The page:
Goodbye, Columbus has been favorably compared to The Graduate, inviting parallels with its similar-looking leads: a somewhat awkward, naive, and listless young man romancing a dark-haired “princess” against her parents’ wishes (though for a dramatically different reason than the Robinsons had), scored against the backdrop of a hip band from the late ’60s, in this case The Association as opposed to Simon & Garfunkel’s famous soundtrack for The Graduate.
Telly Savalas as Ernst Stavro Blofeld, aka Comte Balthazar de Bleuchamp, megalomaniac terrorist
Piz Gloria, Switzerland, December 1969
Film: On Her Majesty’s Secret Service
Release Date: December 18, 1969
Director: Peter R. Hunt
Costume Designer: Marjory Cornelius
‘Twas Christmastime at Piz Gloria, when all through the clinic
Not a creature was stirring, not even the agent from MI6.
The Angels of Death were snuggled in bed with care
in hopes that Sir Hilary’s bezants soon would be there.
As of 2020, On Her Majesty’s Secret Service remains the only James Bond movie prominently set during yuletide, as 007 (George Lazenby) disguises himself as genealogist Sir Hilary Bray in order to get close to SPECTRE chief Ernst Stavro Blofeld (Telly Savalas), under the pretense of investigating Blofeld’s claim to the title of Count Balthazar de Bleuchamp.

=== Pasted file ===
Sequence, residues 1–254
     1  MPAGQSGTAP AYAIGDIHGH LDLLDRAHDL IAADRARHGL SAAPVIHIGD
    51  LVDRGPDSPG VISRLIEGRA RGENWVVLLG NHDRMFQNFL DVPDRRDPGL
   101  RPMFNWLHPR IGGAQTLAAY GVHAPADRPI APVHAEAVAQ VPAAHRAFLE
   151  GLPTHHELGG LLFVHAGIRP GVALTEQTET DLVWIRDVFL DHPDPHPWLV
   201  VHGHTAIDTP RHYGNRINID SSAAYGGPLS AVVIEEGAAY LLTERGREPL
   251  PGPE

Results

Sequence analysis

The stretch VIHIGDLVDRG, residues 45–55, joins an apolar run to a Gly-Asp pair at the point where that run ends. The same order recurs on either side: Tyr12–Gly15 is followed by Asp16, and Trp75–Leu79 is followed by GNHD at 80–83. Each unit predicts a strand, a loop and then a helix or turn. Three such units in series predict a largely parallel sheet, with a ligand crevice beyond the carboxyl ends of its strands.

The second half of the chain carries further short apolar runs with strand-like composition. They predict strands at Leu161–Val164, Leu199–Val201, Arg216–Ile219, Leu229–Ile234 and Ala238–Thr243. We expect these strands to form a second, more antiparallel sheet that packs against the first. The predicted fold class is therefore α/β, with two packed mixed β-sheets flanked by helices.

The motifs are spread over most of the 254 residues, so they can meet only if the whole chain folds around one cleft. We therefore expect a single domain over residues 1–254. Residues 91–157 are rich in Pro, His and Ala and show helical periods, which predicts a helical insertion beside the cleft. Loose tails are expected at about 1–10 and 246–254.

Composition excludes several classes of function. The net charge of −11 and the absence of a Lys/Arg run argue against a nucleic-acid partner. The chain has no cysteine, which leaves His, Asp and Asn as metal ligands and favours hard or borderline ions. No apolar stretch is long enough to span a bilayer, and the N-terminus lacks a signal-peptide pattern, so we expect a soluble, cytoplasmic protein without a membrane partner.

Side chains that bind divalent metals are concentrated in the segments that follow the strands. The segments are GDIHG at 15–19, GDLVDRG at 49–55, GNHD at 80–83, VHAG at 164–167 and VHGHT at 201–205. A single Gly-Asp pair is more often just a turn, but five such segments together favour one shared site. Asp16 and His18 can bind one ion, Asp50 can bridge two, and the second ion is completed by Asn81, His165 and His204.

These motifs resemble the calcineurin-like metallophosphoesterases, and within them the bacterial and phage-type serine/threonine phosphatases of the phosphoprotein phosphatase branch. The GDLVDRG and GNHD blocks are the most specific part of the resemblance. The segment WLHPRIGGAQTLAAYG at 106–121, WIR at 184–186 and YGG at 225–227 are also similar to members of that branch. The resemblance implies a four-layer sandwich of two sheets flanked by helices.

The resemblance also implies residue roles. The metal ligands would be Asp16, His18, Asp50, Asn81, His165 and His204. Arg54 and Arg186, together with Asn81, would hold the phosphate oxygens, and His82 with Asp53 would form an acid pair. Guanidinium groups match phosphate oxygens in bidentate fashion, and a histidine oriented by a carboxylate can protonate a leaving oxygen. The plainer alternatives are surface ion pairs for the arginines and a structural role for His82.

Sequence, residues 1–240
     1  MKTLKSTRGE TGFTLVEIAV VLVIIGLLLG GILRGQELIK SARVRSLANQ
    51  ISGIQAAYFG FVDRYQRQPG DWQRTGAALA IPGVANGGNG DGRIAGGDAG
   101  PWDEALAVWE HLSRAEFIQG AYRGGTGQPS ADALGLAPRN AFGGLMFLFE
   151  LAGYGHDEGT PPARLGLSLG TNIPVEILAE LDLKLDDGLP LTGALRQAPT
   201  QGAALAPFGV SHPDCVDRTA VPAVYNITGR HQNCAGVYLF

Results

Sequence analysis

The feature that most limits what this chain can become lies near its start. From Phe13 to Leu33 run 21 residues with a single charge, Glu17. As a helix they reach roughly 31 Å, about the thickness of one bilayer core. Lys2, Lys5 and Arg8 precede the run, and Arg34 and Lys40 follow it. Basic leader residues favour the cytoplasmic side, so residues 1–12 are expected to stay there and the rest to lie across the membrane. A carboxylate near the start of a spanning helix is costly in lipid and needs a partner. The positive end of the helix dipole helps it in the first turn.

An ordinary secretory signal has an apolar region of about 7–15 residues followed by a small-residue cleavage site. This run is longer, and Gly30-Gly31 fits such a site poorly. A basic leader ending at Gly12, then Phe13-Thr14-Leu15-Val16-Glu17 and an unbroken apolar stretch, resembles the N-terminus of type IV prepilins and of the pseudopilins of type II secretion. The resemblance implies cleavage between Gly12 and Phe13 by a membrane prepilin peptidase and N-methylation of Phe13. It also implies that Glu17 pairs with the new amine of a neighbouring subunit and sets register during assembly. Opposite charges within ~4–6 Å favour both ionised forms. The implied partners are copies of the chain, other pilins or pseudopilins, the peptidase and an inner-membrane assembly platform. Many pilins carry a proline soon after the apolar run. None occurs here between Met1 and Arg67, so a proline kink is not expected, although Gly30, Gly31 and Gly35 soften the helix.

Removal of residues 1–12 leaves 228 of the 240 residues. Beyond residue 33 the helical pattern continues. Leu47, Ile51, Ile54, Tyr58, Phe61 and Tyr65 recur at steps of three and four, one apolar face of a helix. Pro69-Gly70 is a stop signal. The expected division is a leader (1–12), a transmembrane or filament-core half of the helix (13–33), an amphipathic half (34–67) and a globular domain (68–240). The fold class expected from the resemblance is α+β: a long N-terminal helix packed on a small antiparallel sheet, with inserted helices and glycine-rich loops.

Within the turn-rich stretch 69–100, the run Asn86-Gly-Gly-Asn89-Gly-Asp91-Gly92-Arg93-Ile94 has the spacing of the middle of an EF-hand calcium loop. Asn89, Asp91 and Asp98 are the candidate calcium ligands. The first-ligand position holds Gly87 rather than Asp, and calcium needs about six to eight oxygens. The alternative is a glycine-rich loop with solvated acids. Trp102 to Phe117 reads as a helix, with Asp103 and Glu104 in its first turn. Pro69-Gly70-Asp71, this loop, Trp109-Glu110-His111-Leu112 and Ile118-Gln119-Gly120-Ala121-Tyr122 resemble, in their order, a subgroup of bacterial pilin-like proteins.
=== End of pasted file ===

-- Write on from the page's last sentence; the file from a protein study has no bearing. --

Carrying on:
On the 00-7th of December, let’s see how one of Bond’s most iconic nemeses dresses for the holidays.
Marcello Mastroianni as Marcello Rubini, playboy gossip journalist
Rome, Spring 1959
Film: La Dolce Vita
Release Date: February 5, 1960
Director: Federico Fellini
Costume Designer: Piero Gherardi
WARNING! Spoilers ahead!
The two headlining stars of Fellini’s classic La Dolce Vita would have celebrated their birthdays this week—Marcello Mastroianni tomorrow (September 28, 1924) and Anita Ekberg the following day (September 29, 1931)—and watching these two Libras glide together through the Trevi Fountain at daybreak has become one of the most enduring images of Italian cinema.
Dustin Hoffman as Benjamin Braddock, nervous and aimless college graduate
Los Angeles, Summer 1967
Film: The Graduate
Release Date: December 22, 1967
Director: Mike Nichols
Costume Designer: Patricia Zipprodt
Dustin Hoffman may be turning 83 today, but for many he’ll always be the young Benjamin Braddock, freshly home from college with his entire adult life—with all of its expectations and inevitable disappointments—to follow.
Benjamin’s first summer as a college graduate is spent with lazy days by the pool and covert nights with Mrs. Robinson (Anne Bancroft), the domineering yet vulnerable wife of his father’s law partner. The Braddocks, obviously unaware of their son’s ongoing assignations with her mother, pressure him into taking Elaine Robinson (Katharine Ross). A Berkeley student, Elaine would be a more suitable partner for Benjamin due to age, temperament, and several other factors, but the formidable Mrs. Robinson—we never do learn her first name—won’t have it.